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NHS ‘could save £100m’ by making FeNO testing available to all GPs

NHS ‘could save £100m’ by making FeNO testing available to all GPs

If FeNO testing was made available to all GPs across England, it could save almost £100m by making best use of treatment, analysis by a leading lung charity has found.

The lack of simple tests for GPs to diagnose lung conditions is forcing them to play a ‘guessing game’ and costing the NHS billions, Asthma+Lung UK warned.

In a report outlining the ‘dire state’ of lung healthcare in England, the charity said an ongoing lack of spirometry and FeNO testing – despite clear recommendations from NICE – was costing £2.2bn in avoidable hospital stays and treatment.

An analysis from PwC commissioned by Asthma+Lung UK found that if 40% of eligible patients had spirometry done to diagnose COPD, it would save £60m in treating fewer exacerbations and cut more than 63,000 hospital bed days.

The charity has called for both spirometry and FeNO to be fully funded across all settings in primary care, including as a paid-for diagnostic test within the GP contract.

And while there have been proposals to include respiratory testing within community diagnostic centres (CDCs), this should be done to ‘boost capacity’ alongside provision in primary care, it said.

All integrated care systems (ICSs) should be asked to provide evidence that all patients from every PCN have access to timely, high-quality spirometry and FeNO testing by the end of 2023/24, it added.

In addition to people not being diagnosed due to lack of testing, patients can also be wrongly diagnosed with the report warning that as 750,000 people in England are misdiagnosed with asthma, costing an estimated £132 million every year.

There is also a huge opportunity to reduce hospital demand by ensuring patients with asthma and COPD receive best practice after their diagnosis, it said.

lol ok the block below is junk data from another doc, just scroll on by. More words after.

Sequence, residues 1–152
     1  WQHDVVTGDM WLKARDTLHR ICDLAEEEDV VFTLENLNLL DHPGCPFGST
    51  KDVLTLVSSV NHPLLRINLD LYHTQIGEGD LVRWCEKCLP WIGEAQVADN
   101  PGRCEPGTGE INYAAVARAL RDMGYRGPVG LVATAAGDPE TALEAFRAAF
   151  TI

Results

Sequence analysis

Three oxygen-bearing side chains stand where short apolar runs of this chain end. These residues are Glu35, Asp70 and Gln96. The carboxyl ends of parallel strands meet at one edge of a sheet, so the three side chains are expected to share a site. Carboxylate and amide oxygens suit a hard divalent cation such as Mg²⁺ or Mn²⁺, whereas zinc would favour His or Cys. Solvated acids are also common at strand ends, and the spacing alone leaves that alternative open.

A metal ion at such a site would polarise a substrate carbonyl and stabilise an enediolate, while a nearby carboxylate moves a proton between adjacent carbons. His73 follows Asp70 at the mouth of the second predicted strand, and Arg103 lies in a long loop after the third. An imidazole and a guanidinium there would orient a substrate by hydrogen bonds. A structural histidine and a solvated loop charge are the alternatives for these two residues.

This would include annual review and inhaler technique checks for asthma patients and pulmonary rehabilitation for those with COPD, which is currently ‘extremely limited’.

Increasing referral and completion rates for pulmonary rehabilitation to 80% and 50% would save the NHS £142.6 million in direct savings from reduced exacerbations, the PwC economic analysis found.

Overall lung conditions cost the NHS over £9.6 billion every year and are a leading cause of winter pressures on the NHS, the report warned.

Properly implementing simple steps to improve diagnosis and care for asthma and COPD would save the NHS far more than the £250 million earmarked for 5,000 extra beds to deal with winter pressures in the coming months, it added.

Speaking with Pulse, Dr Andy Whittamore, a GP and clinical lead at Asthma+Lung UK said NHS contracting had not kept up with NICE guidance.

‘The pandemic shone a light on this when spirometry stopped in primary care then started back up again, there lots of things not in place, including that GPs were not funded to do it, as well as the lack of respiratory workforce, the need for training and accreditation and the upkeep of the kit.’

He added that he was not sure CDCs had the capacity to do all the testing that was needed in primary care and diagnostics need to be easily accessible.

‘There is a big piece of work that ICSs need to do to look at the needs of their population, the respiratory workforce and to put plans in place so that it is very clear for practices and PCNs who is responsible for providing this.’ 

 Sarah Woolnough, CEO of Asthma+Lung UK, said lung conditions were the third biggest killer in the UK: ‘The abysmal lack of testing and patchy basic care is causing avoidable harm to people with lung conditions and the NHS.

‘There are huge savings to be made by improving the diagnosis and treatment of lung conditions such as asthma and COPD, in terms of direct NHS savings, including reducing hospital bed days.

‘It doesn’t make sense that lung conditions aren’t given the same priority as other big killers such as heart disease.’


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Please note, only GPs are permitted to add comments to articles

John Graham Munro 26 September, 2023 10:20 am

Never heard of it